The latest climate report by the Intergovernmental Panel on Climate Change's (IPCC) Working Group 1 was released Friday, Sept. 27, and concludes with higher confidence than ever before that human activity is contributing to climate change.
A press release issued following the publication of the report states that "It is extremely likely that human influence has been the dominant cause of the observed warming since the mid-20th century. The evidence for this has grown, thanks to more and better observations, an improved understanding of the climate system response and improved climate models."
Dr. Chris Forest, associate professor of climate dynamics at the Pennsylvania State University and a lead author on chapter 9, the Evaluation of Climate Models, of the IPCC report said, "The general conclusions of the report are confirming a lot of what we've already known."
Forest attributes the new confirmations to the technological advancements that have been made over the years.
"Since the early 90s, the science has gone through a lot of changes," he said. "The progression of science and our understanding of the climate system and climate models and their projections has gone through a transition. From being atmosphere-only climate models to the newest system of Earth-system models, which incorporate the biogeochemical cycles, ice sheets, changes in vegetation, changes in the carbon cycle, in addition to improvements of all the other representations of clouds, the ocean, sea ice, and so on, and how they all interact together to produce a projection."
Human influence on climate is clear, IPCC report says.
Forest said that initially projections could go up to the year 2100 but are now simulating what could happen up to the year 2300 on a regular basis. Some climate models are being used to project out to the year 3000.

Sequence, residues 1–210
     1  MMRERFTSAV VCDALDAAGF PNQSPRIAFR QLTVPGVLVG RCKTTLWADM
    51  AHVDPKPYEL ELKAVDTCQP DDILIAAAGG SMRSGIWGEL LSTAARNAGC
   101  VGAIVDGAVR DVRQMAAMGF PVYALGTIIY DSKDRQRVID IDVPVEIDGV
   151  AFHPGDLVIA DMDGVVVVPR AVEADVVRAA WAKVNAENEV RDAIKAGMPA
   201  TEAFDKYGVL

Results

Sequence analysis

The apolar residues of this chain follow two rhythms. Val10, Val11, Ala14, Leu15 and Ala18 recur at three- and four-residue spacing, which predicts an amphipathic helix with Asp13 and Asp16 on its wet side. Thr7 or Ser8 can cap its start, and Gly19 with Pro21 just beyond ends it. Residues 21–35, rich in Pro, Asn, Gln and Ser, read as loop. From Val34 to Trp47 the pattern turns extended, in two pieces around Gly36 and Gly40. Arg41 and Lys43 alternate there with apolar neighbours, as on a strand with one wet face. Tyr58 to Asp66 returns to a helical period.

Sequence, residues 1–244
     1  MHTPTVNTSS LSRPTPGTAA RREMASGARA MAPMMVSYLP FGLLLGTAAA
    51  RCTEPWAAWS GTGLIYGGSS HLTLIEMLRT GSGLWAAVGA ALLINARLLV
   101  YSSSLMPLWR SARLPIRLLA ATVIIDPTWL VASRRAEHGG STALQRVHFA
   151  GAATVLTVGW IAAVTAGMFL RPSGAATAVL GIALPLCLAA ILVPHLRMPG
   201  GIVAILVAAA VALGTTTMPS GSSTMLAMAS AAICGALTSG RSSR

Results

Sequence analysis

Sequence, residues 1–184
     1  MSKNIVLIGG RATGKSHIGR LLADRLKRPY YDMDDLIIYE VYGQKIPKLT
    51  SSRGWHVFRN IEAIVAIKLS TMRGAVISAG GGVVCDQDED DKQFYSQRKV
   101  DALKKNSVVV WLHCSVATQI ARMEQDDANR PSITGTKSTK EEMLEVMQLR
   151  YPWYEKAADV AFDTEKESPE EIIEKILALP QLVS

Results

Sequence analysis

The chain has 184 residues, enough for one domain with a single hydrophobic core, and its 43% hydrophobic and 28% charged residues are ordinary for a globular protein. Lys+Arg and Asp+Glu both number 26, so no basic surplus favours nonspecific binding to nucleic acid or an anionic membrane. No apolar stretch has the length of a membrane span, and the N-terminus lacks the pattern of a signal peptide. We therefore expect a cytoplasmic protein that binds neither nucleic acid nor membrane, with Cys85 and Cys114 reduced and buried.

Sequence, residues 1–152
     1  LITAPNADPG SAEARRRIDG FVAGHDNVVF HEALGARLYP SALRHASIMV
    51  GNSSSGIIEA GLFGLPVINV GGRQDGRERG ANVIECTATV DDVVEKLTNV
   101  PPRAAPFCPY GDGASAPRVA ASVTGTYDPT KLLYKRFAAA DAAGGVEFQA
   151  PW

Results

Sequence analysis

Forest said that a key factor in understanding the way climate models work is to not think of them as predictions but rather as projections.
"Given a possible future scenario of factors that are affecting climate change, we can run a climate model to produce the response of the climate system to those scenarios," he said. "It's not going to be perfectly predicted, but we can see the path that we're on for the next multiple decades, so that's something that's quite straight forward."
Forest said that he believes the science is strong, and that the consistency of climate model results is growing much stronger.
"The goal is to get the probability distributions of climate and the weather events correct, and that's where the models are being tested."
Among the highlights of the report's summary for policy makers, it states that, "It is virtually certain that globally the troposphere has warmed since the mid-20th century."
The report also addresses the Medieval Warming Period, which opposing groups have often used in their arguments that current warming is not the result of increased human activity. The report states with high confidence that while some regions were as warm then as they are now, the warming was not occurring as "coherently across regions as the warming in the late 20th century."
The report states that almost the whole planet has experienced surface warming since 1901 based on multiple, independently-produced data sets.
There are three working groups that release reports for the IPCC. This release came from Working Group 1, which focuses on the basic science of climate change. Next year, groups 2 and 3 will release their reports on climate change's impacts on adaptability and vulnerability, and on mitigation and and policy responses, respectively. New reports are released from these groups on seven-year cycles to provide a periodic assessment of these topics.